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Tell Us How You Manage Cyber Monday Insanity & Get 250 THWACK Points!

Level 15

The ghosts and ghouls of Halloween are behind us, and the beginning of November means that Thanksgiving is fast approaching. As the leaves continue to change and the holiday season ramps up, shopping is at the top of everyone’s to-do list. And what better way to take advantage of the holiday sales than from the comfort of your own home on Cyber Monday?

The rise in online activity stemming from these sales, however, will certainly create costly bottlenecks and downtime, and an increased need for optimized application performance. How can we best handle and manage this increase in demand and activity to provide end users with the best holiday shopping experience?

We want to hear your post-Thanksgiving advice for peers and colleagues managing the Cyber Monday madness. Help us all prepare this year by sharing your best practices for application performance management and maintaining uptime by Thursday, November 16, and we’ll give you 250 THWACK points in exchange.


Wendy, you make me worry I'm not worried enough.


Frankly, I've spent the last year getting an even more solid base for our network, adding VNQM, HA, IPAM, and UDT to our environment, along with more pollers that can handle another 60,000 elements.

Keeping a sharp awareness of our firewall performance with the new Net Insight that shows useless or shadowed ACLs is something new through Solarwinds NPM 12.2 and NCM 7.7, and my team is excited about having a tool that shows that to us.

Frankly, Cyber Monday isn't a factor for incoming traffic in my health care employment environment, and it's only a slightly increased amount of internal-to-Internet traffic as people shop from work.

The biggest impact I've seen this year came from moving tens of thousands of Exchange accounts (along with all their archived e-mails) from internal servers to the Cloud.  That caused our firewalls to experience internal self-created Denials of Service as those huge files exceeded the IPS inspection capacities of HA 5555 ASA's.  As a result, customer and internal data transfer between internal and DMZ resources was significantly slowed until the e-mail migration were postponed to off hours, and IPS inspection was removed from those specific transfers.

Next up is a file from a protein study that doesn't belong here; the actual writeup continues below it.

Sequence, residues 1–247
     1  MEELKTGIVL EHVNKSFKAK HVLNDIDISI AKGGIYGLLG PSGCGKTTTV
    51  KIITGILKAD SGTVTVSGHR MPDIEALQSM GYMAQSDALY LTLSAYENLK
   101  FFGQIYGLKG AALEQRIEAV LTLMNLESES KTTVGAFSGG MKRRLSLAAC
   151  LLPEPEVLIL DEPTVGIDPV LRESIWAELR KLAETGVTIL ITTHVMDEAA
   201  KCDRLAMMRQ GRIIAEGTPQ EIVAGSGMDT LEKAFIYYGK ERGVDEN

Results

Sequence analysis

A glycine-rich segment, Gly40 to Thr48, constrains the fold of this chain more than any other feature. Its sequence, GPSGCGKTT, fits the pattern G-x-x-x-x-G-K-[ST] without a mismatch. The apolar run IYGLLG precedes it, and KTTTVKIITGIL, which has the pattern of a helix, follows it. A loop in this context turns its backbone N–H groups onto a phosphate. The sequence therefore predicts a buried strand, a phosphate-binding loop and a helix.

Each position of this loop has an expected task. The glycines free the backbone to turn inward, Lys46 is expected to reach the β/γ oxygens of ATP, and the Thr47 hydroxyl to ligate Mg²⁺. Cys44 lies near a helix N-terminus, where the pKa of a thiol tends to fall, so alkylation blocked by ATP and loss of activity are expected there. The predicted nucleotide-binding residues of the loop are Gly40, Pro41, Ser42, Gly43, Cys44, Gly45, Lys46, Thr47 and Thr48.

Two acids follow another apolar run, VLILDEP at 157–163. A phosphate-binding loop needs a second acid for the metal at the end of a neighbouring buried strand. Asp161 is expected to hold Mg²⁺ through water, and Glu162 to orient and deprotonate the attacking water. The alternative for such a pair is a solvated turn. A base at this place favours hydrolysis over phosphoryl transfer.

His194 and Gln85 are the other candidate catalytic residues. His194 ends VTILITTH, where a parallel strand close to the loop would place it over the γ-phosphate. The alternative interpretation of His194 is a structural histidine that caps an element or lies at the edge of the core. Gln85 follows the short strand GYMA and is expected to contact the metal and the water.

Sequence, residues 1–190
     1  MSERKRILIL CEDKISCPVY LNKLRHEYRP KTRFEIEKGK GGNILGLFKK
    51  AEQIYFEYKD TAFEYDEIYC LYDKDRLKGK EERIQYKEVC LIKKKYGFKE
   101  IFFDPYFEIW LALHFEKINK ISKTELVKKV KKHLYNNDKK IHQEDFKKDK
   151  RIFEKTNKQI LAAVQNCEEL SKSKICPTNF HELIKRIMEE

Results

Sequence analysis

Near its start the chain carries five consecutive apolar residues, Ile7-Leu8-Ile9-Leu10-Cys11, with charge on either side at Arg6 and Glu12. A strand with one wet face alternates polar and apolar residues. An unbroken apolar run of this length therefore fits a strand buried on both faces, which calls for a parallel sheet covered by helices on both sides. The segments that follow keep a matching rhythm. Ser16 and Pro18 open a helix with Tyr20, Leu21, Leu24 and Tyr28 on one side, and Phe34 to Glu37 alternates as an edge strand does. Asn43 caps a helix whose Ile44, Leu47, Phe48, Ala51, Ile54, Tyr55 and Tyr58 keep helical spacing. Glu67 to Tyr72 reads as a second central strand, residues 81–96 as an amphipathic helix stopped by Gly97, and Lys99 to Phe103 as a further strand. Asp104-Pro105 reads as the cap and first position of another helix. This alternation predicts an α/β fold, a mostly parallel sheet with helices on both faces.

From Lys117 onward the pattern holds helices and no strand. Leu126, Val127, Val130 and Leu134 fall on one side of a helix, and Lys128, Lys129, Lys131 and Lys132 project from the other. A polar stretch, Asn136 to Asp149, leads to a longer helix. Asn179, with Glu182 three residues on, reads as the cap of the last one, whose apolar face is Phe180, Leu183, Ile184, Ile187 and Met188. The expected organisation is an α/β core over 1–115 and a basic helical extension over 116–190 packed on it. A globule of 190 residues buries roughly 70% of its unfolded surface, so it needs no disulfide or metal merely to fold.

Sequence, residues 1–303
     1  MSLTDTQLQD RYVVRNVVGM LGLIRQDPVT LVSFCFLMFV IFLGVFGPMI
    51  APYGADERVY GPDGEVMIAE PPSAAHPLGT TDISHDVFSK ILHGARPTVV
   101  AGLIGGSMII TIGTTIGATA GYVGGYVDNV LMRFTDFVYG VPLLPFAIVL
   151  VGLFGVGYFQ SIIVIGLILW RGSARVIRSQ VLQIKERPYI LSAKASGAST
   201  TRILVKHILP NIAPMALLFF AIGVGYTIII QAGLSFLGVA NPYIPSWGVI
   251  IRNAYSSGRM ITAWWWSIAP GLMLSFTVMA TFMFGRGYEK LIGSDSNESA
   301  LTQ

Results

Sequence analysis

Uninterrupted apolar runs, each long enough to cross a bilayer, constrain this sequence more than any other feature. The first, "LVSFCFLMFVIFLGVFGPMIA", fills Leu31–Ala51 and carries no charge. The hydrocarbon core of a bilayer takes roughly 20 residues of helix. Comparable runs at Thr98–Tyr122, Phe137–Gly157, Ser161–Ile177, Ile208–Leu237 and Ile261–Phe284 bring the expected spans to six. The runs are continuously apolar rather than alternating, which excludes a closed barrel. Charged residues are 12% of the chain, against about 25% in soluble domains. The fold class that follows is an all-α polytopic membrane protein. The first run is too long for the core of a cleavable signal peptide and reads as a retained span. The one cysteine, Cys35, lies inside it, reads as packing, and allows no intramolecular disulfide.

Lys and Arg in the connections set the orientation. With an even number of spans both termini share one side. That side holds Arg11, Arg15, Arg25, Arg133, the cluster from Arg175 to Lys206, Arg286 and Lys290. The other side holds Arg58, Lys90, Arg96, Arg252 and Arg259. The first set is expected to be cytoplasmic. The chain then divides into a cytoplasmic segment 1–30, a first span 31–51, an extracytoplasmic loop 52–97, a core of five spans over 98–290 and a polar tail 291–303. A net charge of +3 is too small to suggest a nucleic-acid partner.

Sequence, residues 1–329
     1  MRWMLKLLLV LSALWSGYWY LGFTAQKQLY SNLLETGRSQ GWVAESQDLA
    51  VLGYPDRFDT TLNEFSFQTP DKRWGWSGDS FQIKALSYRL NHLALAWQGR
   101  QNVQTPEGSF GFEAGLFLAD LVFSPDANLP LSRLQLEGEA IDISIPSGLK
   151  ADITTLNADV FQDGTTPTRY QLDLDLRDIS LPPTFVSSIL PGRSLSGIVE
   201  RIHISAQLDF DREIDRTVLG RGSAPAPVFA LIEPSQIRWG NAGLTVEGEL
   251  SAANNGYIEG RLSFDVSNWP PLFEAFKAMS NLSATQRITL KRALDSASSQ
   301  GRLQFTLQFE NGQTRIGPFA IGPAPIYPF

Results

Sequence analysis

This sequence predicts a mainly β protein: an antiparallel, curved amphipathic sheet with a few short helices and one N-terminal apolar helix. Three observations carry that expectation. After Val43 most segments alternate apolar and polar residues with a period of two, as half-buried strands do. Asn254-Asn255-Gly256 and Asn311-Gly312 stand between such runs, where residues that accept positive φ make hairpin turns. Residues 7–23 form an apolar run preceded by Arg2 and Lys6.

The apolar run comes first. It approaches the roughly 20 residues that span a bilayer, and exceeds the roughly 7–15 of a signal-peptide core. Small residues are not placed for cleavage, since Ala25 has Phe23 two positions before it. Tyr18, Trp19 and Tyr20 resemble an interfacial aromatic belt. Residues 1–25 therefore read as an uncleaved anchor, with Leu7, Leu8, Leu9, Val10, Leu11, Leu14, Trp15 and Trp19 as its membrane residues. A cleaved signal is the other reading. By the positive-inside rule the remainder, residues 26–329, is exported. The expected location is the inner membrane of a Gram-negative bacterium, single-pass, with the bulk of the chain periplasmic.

The second biggest impact to performance came when Apple released an iPhone upgrade last year.  The Engineer's Toolset set to poll every ten seconds and display Historical Graphs clued me into the situation in real time, and I watched our Guest Internet traffic quadruple in bandwidth for nearly two days as people took advantage of our internal Public access WLAN.

Knowing what's coming has proven more important (so far) than worrying about what might happen, but we're working on the bad possibilities now as well.  In fact, we're preparing a mock Ransomeware exercise to show our C-Level and health providers how that kind of malware can impact their work lives and their ability to treat patients.  It's an exciting opportunity to explain to people what the risks are, while giving my Network Team and our InfoSec and SA's directives to plan to isolate our data centers for protection.  Having a worst case game plan ready, hoping we'll never use it, will give us confidence and a game plan to follow in case the worst might happen.

How would you layer the varying actions and opportunities your network team can or should (or should not!) take?

  • Shut down Internet pipes at the firewalls
  • Shut down all Public/Guest Internet access
  • Disable internal corporate SSID's by risk factor, given some are dedicated to medical equipment, others for general security, others for personal security products like Vocera and Pin-Point. 
  • Disabling SVI's on Distribution Switches, shutting down physical links between switch blocks and core routers that support data centers.
  • Shutting down regional and core WAN routers, and having the right plan in place to do things in the right order so we can recover communications intelligently and by documenting the right interfaces to shut first, and which ones to no-shut in the right order later.

These are some fun, and scary, things to think about and document.

So Cyber Monday isn't a worry point for my organization at all.  Maybe for Amazon or Google, but not so much for us.  We have bigger fish to fry.

This year we have really taken steps to improve our SAM monitoring. We now use a custom JMX template to get all the application statistics we need. That being said cyber Monday isn't really an event we notice application wise.

Level 13

Don't usually get Cyber Monday insanity. Get Cyber Monday, Tuesday, Wednesday, Thursday and Friday Insanity.

Level 8

We don't really have any ecommerce platform, so we don't notice

Well actually last year traffic was lower then average

Level 8

I am new and still learning, so right now I have all the worries in the world

Level 10

Our websites are mostly Business to Business, so fortunately did not see much impact of Cyber Monday etc.